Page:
Can a black-and-white banana remind us to be better listeners?
When people looked at a grayscale photo of a banana, a part of their brains related to perceiving yellow became active, perhaps indicating that prior knowledge of the fruit's color was triggered. For more information about this study, click here, here, here, or here.
The banana research reminded me of some questions asked by Roberto Kaplan, optometrist and author of a book I am reading. He wonders how much of what we see is attributable to us and how much to the objects being seen. He includes a rather startling quote of Alfred North Whitehead, a version of which I now include:
Nature gets credit which should in truth be reserved for ourselves: the rose for its scent, the nightingale for its song; and the sun for its radiance. The poets are entirely mistaken. They should address their lyrics to themselves and should turn them into odes of self congratulation on the excellence of the human mind. Nature is a dull affair, soundless, scentless, colorless ... .Dr. Kaplan adds:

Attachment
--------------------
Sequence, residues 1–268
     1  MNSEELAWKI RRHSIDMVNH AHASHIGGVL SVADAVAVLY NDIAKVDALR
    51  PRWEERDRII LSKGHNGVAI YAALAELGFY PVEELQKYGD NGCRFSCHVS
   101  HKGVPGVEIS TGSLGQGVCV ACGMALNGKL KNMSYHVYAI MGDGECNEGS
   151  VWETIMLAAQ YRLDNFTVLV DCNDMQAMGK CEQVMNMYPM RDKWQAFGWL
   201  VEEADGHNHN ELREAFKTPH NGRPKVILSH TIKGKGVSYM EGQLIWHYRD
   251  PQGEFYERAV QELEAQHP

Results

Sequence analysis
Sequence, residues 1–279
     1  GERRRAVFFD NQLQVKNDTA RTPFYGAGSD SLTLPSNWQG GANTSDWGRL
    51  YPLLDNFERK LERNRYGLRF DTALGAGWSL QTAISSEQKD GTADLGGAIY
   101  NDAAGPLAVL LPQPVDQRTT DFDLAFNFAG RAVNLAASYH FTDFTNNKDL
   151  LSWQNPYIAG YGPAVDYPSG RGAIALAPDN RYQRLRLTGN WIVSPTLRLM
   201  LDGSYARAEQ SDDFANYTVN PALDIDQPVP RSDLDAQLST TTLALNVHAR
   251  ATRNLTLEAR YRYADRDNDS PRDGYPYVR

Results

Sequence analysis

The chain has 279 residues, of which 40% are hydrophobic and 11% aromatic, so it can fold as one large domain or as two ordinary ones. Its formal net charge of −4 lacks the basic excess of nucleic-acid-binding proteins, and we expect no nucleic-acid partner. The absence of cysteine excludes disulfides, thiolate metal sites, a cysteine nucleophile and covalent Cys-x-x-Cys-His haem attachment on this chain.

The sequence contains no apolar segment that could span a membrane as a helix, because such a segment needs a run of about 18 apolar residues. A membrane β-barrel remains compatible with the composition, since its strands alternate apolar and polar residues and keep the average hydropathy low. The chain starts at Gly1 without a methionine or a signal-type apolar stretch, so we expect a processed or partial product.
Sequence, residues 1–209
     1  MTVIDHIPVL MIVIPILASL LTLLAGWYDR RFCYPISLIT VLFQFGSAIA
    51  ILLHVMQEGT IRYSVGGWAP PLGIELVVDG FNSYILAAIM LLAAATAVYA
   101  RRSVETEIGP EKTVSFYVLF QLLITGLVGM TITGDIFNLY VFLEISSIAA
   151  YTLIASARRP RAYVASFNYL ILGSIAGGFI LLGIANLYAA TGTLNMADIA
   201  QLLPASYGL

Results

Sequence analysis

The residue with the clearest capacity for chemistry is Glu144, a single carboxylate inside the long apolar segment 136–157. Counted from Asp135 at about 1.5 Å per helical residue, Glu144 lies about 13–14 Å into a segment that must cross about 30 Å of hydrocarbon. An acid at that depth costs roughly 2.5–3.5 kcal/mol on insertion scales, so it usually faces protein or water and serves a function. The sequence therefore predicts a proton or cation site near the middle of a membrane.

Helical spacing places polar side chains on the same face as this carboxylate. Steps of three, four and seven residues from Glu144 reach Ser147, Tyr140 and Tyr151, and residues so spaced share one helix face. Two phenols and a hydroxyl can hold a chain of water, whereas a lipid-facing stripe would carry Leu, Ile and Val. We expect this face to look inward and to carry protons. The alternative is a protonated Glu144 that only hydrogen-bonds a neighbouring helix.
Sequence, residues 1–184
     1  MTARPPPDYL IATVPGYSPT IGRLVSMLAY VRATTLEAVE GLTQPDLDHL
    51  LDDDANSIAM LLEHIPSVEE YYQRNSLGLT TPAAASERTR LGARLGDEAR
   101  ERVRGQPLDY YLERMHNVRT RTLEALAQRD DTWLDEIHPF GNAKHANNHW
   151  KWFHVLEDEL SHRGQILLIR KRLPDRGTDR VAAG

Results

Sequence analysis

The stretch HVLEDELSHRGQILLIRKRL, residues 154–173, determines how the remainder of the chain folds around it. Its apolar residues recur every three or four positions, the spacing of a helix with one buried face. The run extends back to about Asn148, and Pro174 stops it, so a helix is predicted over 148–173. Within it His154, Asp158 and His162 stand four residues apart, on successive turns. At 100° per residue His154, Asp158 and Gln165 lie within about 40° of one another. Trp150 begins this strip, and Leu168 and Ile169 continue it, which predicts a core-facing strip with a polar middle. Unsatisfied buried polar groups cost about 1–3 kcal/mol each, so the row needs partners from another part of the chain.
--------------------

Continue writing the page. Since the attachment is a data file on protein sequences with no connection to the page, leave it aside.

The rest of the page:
If Dr. Whitehead is correct, and it is my belief that he is, then we must accept the fact that what we think we are seeing most assuredly tells us more about ourselves than it does about the external world.
If we do not know how much of what we see is coming from us and not from outside, perhaps that lack of knowledge should throw us into a place of intellectual humility. With the possibility of a high degree of subjectivity, could that humility lead to a greater and sharper degree of attention to (and mindfulness with) other people to see how they see the world? Particularly those with whom we do not agree?